Every week, Zikoko seeks to understand how people move the Naira in and out of their lives. Some stories will be struggle-ish, others will be bougie. All the time, it’ll be revealing.

Since getting his first job in 2018, the 25-year-old accountant on this week’s Naira Life has been on an upward income trajectory. Is he close to financial stability? He doesn’t think so. His biggest struggles? toxic financial decisions and his inability to manage lifestyle creep.

What’s your earliest memory of money?

In 2002, I was five years old, and it was the first time I was sent home for unpaid school fees. I remember my sister — who was in a senior class at the same school — and I had to go back home around 9 or 10 a.m. It’d be the first of many times I was sent home for that reason. 

Can you paint a picture of what things were like at home?

We were good until my dad lost his accounting job at an oil company and couldn’t find something else. Then my parents decided to invest everything they had into starting a school, which wasn’t profitable for years. They struggled to raise six kids – I’m the fourth – and we had to make lots of adjustments. We had to share resources — from pieces of meat during meals to clothes — because that was the only way they’d go around. 

Thankfully, the money situation started to get better around 2009.

What changed?

My parents’ school became more popular, so more kids enrolled. And we gradually moved from the struggling middle class to the comfortable middle class. When I got into university in 2012, my parents could conveniently send me ₦5k/month, and they increased my allowance every year. My final year monthly allowance was between ₦20k – ₦30k.

So how did uni go?

The financial struggles I grew up with did a number on my confidence, so I had a lot of insecurities about money. In uni, all I wanted was to be one of the cool kids, and my allowance took care of that. It started with the small things. In my first year, Blackberry was the popular phone, and almost everyone was on BBM. I made it a mission to get one, so I saved from my allowance for a semester to raise ₦12k, which was enough to buy a used Curve 2 from a classmate who wanted to buy a newer model.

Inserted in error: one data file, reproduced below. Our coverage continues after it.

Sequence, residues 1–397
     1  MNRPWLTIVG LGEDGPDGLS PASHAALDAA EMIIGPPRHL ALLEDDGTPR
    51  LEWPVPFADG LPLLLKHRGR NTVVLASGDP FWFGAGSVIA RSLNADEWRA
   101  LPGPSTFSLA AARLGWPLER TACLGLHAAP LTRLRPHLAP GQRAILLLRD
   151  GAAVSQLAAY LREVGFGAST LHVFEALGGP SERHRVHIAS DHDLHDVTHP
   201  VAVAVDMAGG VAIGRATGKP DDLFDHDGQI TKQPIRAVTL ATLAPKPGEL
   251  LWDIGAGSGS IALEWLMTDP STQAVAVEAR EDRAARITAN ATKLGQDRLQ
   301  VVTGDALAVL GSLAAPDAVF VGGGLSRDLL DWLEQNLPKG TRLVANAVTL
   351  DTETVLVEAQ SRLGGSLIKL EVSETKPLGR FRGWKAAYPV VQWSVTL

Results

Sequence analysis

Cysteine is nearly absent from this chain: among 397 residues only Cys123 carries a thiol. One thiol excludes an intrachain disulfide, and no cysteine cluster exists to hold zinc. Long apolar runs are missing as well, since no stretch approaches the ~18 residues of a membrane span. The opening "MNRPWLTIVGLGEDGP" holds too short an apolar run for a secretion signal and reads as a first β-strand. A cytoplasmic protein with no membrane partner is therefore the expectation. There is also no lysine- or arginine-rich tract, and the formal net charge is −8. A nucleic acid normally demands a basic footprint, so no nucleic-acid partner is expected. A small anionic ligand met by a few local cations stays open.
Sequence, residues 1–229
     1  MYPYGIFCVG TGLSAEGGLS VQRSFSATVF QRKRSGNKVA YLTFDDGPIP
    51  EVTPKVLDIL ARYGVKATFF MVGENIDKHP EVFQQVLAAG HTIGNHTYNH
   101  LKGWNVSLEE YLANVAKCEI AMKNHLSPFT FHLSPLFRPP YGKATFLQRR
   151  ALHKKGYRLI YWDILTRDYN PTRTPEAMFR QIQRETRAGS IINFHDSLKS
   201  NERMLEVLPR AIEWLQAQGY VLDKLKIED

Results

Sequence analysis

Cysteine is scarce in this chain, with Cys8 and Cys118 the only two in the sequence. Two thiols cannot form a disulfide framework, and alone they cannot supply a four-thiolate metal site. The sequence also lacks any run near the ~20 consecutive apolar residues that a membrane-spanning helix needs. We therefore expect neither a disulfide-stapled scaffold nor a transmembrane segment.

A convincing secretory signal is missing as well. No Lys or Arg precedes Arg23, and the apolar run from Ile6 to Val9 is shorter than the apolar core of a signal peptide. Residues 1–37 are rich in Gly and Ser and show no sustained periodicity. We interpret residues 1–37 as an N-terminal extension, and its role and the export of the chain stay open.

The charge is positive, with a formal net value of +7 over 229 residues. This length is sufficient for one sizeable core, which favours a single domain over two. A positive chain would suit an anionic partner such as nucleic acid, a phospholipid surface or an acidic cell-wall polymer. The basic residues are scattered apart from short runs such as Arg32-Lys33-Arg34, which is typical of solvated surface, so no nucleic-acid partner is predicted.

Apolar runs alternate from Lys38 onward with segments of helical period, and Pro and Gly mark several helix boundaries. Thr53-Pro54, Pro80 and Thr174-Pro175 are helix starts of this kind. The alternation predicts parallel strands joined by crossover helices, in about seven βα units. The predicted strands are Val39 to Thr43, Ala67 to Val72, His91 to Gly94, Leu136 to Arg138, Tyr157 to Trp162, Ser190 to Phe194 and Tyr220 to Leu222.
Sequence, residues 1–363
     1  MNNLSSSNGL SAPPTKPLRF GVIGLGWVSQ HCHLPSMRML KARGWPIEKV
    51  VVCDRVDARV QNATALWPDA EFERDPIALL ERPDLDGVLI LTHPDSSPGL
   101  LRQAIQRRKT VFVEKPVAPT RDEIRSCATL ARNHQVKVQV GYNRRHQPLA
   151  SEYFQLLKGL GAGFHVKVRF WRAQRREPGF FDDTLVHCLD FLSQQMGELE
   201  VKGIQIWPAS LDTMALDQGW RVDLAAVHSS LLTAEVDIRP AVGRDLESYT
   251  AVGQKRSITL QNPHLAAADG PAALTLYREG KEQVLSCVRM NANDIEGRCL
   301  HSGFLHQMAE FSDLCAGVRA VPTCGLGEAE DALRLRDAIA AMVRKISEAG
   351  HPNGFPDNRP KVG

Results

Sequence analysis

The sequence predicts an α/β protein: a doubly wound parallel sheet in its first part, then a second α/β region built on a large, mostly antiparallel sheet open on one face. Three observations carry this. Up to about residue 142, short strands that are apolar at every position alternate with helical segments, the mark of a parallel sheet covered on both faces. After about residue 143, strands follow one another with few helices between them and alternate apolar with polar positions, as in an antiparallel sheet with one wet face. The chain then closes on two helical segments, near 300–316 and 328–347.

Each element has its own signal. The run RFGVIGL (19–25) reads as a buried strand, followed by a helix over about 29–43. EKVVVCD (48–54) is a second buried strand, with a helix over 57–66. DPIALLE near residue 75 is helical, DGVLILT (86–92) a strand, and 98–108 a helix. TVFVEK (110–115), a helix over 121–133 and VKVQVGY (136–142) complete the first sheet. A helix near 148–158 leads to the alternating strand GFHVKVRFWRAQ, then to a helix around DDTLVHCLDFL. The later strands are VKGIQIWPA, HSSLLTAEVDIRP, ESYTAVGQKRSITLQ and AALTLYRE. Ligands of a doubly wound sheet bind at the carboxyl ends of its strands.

As my allowance increased, so did my compulsion to do the seemingly cool things everyone was doing. Things took a turn in my second year. 


I made new friends who introduced me to the nightlife. The rest of my time in uni was fueled by food, parties and alcohol. I was living above my means; my allowance couldn’t match the lifestyle. So, on a regular month, my allowance only lasted a week or two.

It only worked because of my community of friends. Everyone chipped in, so when someone in the group was broke, the rest of the group covered them. 

The downside to this was that I couldn’t build a savings culture, and I didn’t even realise it until I graduated in 2017. I left uni with zero naira to my name. 

Inside life

The next step was NYSC. I served in the south-south. My parents cut me off, but the federal government paid ₦19800, and my PPA paid ₦10k and an additional ₦10k welfare allowance. All this brought my monthly income to ₦39,800. 

In addition, my PPA provided accommodation and feeding for corps members. 2018 was the most comfortable year of my life. I was balling, man. 

By the end of my service year, I had saved about ₦100k and even bought a laptop. I returned home in October 2018 and started job hunting. 

How did that go?

I got a job within three weeks. I was hired as an account officer in a hospital, and my salary was ₦100k.


In the first few months, I saved ₦30k out of my salary and lived on the rest. Then my employers started acting up. 

What did they do?

The salary stopped coming on time. And when it came, it was never paid in full — they could pay 60% first and the remaining 40% days later. 

I found it difficult to plan around their payment schedule and had to dip into my savings to survive each month. In the end, I figured that I had two options: find a way to live with the new arrangement or find a new job. 

I’m guessing you started looking for a new job

I did. After 11 months at the hospital, I found another job as an accountant in an entertainment company. In my excitement, I didn’t think to negotiate my salary. I accepted their first offer.

How much was it?

₦120k. I could have gotten up to ₦150k. 

Anyway, I started the job in December 2019. My short-term goal was to rebuild my savings, so I put ₦40k aside each month.  I lived with a member of my extended family and only had to worry about feeding and transportation expenses, which were about ₦1k every day.

Three months later, my plans hit another obstacle. 


Yes. When COVID hit in March 2020, the company said everyone would have to take a 33% pay cut. This brought my salary down to ₦80k, so I had to return home to my parents. 

By August 2020, I had about ₦140k saved up and decided that it was time to invest in something. 


Forex trading. I had friends who put money in it and cashed it out. So I started thinking, “What could it hurt?” The entire point of saving was to make it work for you anyway. 

₦360k was the minimum capital I could invest, and I had ₦140k. To raise the balance, I took a ₦220k loan from my bank and dumped all the money into the investment.

What were the terms of the investment?